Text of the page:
5 Reasons Why Braces are Essential for Children
Dental professionals recommend that your child should get orthodontic screening when they turn 7 if there’s a clear issue or if your doctor recommends it. To maintain regular child dental care practice, your child should get braces when they’re about 11-12 years old.
Bad habits such as thumb sucking and childhood accidents can have a negative effect on tooth alignment, potentially worsening problems that have to do with family genetics. If your dentist has spotted issues with alignment or you’ve seen signs of crooked teeth, then it may be the best time for your child to have braces.
Here are 5 sound reasons why your child might need braces.
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Tooth alignment problems
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Not all teeth develop straight, which may lead to unavoidable tooth problems like overcrowded, overlapping, and crooked teeth, all of which may require braces. In general, braces are usually recommended for hygienic as well as cosmetic reasons.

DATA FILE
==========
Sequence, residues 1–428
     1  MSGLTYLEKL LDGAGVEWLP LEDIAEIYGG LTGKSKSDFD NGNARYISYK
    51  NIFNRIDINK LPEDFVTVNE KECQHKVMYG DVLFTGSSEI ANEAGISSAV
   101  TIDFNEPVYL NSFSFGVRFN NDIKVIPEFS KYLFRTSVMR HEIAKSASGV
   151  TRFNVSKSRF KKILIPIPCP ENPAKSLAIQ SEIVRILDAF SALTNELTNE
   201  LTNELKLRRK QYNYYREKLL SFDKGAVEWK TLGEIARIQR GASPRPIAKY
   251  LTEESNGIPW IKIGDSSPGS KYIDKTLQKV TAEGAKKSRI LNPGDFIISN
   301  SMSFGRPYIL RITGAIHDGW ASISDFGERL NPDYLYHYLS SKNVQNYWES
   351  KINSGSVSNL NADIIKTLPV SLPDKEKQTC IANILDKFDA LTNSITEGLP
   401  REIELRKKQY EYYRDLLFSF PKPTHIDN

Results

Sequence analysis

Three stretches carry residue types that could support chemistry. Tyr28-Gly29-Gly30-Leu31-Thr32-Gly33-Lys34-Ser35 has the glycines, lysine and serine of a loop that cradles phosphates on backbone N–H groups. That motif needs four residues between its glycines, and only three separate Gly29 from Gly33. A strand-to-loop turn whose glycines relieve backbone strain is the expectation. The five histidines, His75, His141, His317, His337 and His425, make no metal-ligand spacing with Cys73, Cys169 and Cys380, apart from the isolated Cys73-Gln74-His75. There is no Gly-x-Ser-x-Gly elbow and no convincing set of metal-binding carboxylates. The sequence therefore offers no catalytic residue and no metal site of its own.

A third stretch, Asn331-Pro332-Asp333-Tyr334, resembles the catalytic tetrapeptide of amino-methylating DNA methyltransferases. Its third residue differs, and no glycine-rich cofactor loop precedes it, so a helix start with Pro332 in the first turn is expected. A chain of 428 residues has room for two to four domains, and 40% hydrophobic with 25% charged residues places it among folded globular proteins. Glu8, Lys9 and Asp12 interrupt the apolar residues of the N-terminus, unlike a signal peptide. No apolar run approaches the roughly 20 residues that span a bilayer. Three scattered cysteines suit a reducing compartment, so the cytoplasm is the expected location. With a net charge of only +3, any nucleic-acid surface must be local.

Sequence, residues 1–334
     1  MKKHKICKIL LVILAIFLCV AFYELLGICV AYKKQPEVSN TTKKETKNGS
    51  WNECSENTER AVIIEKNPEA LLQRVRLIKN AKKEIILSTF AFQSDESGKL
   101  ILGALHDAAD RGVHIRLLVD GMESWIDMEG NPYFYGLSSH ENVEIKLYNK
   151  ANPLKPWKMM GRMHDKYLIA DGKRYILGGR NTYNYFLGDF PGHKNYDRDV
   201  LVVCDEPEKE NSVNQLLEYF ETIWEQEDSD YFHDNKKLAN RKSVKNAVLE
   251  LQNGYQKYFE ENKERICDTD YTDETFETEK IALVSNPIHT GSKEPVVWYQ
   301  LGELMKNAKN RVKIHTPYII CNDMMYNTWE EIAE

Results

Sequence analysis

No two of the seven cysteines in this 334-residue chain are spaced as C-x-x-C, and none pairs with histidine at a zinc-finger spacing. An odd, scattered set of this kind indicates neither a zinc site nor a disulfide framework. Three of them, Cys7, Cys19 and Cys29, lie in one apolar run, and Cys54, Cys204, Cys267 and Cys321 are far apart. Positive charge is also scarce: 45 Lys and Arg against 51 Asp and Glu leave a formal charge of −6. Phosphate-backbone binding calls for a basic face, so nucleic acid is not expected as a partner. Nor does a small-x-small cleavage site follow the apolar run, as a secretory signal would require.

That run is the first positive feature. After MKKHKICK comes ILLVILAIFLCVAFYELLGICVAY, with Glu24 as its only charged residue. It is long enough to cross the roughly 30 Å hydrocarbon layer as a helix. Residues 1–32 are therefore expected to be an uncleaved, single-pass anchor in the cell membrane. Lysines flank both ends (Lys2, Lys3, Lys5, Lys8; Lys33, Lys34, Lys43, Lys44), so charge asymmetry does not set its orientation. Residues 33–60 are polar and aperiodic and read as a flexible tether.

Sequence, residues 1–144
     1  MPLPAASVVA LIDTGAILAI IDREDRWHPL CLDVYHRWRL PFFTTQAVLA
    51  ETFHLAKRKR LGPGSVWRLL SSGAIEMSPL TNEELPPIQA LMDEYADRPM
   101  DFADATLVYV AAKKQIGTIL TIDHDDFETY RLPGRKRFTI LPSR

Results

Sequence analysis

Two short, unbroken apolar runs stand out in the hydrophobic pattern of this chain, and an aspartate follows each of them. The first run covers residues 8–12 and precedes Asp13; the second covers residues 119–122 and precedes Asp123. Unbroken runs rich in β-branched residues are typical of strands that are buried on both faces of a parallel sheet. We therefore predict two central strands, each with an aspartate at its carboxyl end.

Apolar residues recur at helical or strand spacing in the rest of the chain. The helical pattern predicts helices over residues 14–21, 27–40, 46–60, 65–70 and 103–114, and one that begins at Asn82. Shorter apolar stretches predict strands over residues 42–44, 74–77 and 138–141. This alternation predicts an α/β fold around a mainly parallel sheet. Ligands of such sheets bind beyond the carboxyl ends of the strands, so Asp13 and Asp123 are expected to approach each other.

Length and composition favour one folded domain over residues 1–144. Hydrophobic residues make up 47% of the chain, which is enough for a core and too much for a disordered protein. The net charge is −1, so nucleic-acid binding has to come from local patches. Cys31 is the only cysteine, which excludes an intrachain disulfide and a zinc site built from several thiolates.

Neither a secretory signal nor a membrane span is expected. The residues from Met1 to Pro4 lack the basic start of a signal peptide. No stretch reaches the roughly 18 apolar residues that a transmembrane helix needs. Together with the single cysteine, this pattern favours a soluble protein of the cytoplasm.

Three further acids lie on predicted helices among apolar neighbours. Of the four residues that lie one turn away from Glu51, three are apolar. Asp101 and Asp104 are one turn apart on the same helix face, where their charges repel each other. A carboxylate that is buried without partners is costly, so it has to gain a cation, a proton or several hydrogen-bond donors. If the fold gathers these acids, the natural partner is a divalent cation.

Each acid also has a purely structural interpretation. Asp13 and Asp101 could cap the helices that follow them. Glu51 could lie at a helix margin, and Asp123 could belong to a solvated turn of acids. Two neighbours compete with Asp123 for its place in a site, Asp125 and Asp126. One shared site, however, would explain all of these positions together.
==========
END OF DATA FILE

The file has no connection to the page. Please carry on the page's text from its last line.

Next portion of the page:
Jaw problems like malocclusions, which cause jaw sizes to be different, can also require braces.
About 15 percent of kids have malocclusions that actually causes them pain or discomfort, or hinder proper chewing. These children should be treated as early as possible. Certain malocclusions may even disfigure kids so much that they find schooling difficult, have issues with forming relationships, and find it more difficult to get employed when they’re older.
Also called “buck teeth”, an overbite is when the child’s upper teeth protrude forward so much due to their upper jaw being larger than their lower jaw. An overbite is essentially a skeletal dysfunction that must be corrected at either early childhood or in the teenage years.
This issue occurs when the child’s bottom jaw is larger than their top jaw. It’s potentially less difficult to solve this problem earlier instead of later, but there are typically no major issues if you wait until your child is a little older.
This is the leading malocclusion that affects about 90% of kids. Overcrowding typically happens in children’s bottom teeth. If the crowding is less severe, it may not require fixing and even more serious crowding can improve on its own with time while a child’s jaw develops into the full adult size.
This jaw issue occurs when front teeth don’t fully work together when they bite down. In most instances, it’s wise to wait until your child loses all of his/her baby teeth to fix this issue, because as kids grow older, the bottom and top rows of the front teeth usually grow nearer each other progressively.
The position of teeth is determined by the growth of the bottom and top jaws. When there’s an abnormal growth of the maxilla/mandibular jaw, then it results in a crossbite, which may be solved with expanders.